Multiple Sclerosis

Multiple sclerosis, or MS, is a disease that affects the central nervous system –the brain and spinal cord.

Our nerve cells have a protective covering called myelin and without myelin, the brain and spinal cord can’t communicate with the nerves in the rest of the body. MS gradually destroys myelin in patches throughout the brain and spinal cord, causing muscle weakness and other symptoms. These patches are called lesions.

There’s no known cause of MS but most experts believe it is an autoimmune disease, in which the immune system attacks the central nervous system. MS is not a heritable disease, but genes may increase a person’s risk of developing the condition.

 Generally, MS follows one of four courses:

  • Relapsing-remitting, in which symptoms fade and then return off and on for many years.
  • Secondary progressive, which at first follows a relapsing-remitting course and then becomes progressive. "Progressive" means it steadily gets worse.
  • Primary progressive, in which the disease is progressive from the start.
  • Progressive relapsing, in which the symptoms are progressive at first and are relapsing later.


MS is different for each person. Some people only experience minor problems while others can become seriously disabled. Most people are somewhere in between. Symptoms depend on which part of the brain and spinal cord are damaged and how bad the damage is.

Symptoms include:

  • Muscle problems: You may feel weak and stiff and your limbs may feel heavy. You may drag your leg when you walk.
  • Vision problems: Your vision may be blurred or hazy. You may have eyeball pain (especially when you move your eyes), blindness or double vision.
  • Sensory problems: You may feel tingling, a pins-and-needles sensation or numbness. You may feel a band of tightness around your trunk or limbs.
  • Balance problems: You may feel lightheaded or dizzy or feel like you’re spinning.
  • Bladder and bowel dysfunction: You may feel frequency or urgency of urination, hesitancy starting urination, frequent nighttime urination, incontinence or the inability to empty the bladder completely.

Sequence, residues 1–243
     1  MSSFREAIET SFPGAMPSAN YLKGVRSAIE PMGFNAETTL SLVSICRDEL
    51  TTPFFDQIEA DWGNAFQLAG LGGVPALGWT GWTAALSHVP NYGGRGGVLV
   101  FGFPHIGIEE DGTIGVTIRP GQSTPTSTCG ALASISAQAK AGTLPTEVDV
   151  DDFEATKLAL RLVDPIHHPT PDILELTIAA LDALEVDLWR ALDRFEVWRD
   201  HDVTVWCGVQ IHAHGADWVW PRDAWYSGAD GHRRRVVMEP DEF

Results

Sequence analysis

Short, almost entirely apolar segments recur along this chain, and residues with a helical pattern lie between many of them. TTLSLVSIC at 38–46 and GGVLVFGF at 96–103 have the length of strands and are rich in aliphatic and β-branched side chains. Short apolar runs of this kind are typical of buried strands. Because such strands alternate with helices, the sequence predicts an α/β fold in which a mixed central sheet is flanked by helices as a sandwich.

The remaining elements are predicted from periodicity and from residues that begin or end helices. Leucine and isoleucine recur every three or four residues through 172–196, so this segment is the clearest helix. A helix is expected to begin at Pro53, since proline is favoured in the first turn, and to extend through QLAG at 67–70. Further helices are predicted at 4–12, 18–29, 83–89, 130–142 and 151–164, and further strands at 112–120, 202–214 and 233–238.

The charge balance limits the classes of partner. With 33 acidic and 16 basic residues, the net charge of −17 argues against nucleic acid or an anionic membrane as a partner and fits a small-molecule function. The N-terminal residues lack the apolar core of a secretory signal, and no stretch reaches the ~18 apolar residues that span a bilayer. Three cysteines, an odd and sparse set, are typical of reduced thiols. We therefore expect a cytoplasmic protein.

• Sexual dysfunction: You may find your sexual function is impaired and that being intimate is challenging.
  • Cognitive problems: You may experience memory problems, shortened attention span, language difficulties or trouble staying organized.
  • Fatigue: About 80 percent of people with MS experience fatigue, making it one of the most common symptoms.

Screening & Diagnosing Multiple Sclerosis

Diagnosing MS is not always easy as symptoms can be confused for other conditions. MS is usually diagnosed after a doctor confirms that you have had a typical relapse or flare impacting your central nervous system. MS flares typically last days or weeks and may impact vision, sensation, balance, or strength.

MRI imaging is necessary to make the diagnosis because patches of damage, or lesions, caused by MS attacks can be seen with this test.

Treating Multiple Sclerosis

Medicines are used to treat MS:

  • During a relapse, to make the attack shorter and less severe.
  • Over a long period of time, to keep down the number and severity of attacks and to slow the progression of the disease (This is called disease-modifying therapy.)
  • To control specific symptoms.

You may find it hard to decide when to start taking the drugs that slow the progression of MS. The drugs may not work for everyone, and they often have side effects. You and your doctor will decide together when you should start any of these drugs.


Meet Our Multiple Sclerosis Specialists:

Brian Wong


Primary Care Provider

Medical Group The Ayer Neuroscience Institute
Southington, CT 06489
Derek Smith


Primary Care Provider

Medical Group The Ayer Neuroscience Institute
Norwich, CT 06360
More Locations
North Haven, CT 06473

Multiple Sclerosis Center